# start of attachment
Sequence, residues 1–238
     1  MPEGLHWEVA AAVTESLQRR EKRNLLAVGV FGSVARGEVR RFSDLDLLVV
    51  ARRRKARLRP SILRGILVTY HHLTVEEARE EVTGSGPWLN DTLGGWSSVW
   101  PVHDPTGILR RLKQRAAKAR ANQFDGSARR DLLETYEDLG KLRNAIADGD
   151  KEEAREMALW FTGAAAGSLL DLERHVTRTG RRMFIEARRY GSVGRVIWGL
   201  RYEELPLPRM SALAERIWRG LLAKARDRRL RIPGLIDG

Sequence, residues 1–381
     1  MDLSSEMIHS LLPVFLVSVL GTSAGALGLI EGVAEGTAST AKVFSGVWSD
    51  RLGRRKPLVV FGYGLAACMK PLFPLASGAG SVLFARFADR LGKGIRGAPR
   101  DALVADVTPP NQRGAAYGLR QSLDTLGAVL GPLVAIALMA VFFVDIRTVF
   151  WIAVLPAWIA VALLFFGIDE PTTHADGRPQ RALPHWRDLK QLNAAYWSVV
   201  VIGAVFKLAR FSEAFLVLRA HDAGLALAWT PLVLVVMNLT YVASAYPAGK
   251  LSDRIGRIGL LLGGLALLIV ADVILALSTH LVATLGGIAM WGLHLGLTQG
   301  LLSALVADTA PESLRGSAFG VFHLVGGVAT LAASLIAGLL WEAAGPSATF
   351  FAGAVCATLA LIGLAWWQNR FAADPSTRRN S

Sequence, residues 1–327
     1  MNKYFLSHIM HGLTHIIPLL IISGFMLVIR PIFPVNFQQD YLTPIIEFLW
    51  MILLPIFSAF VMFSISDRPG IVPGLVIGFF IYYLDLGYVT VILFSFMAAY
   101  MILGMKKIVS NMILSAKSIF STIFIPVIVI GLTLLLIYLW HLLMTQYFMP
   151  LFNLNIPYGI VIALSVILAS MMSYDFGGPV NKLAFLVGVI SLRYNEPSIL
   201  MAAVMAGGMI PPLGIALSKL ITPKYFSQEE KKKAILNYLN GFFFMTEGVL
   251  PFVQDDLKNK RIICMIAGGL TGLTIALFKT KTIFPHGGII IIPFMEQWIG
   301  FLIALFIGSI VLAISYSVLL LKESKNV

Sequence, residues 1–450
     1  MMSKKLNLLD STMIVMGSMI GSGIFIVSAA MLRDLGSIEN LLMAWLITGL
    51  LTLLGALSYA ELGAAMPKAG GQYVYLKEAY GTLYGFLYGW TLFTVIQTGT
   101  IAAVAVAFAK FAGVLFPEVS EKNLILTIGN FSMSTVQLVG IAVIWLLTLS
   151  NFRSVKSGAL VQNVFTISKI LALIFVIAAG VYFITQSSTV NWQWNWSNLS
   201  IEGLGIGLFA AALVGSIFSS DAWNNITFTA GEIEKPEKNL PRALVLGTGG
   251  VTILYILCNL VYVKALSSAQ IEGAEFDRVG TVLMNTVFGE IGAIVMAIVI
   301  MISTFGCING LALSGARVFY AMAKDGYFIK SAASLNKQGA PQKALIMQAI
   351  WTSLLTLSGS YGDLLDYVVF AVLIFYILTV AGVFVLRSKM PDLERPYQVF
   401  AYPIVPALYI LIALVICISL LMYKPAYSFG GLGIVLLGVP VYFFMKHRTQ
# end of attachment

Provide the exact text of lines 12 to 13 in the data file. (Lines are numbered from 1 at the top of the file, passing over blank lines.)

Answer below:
   201  VIGAVFKLAR FSEAFLVLRA HDAGLALAWT PLVLVVMNLT YVASAYPAGK
   251  LSDRIGRIGL LLGGLALLIV ADVILALSTH LVATLGGIAM WGLHLGLTQG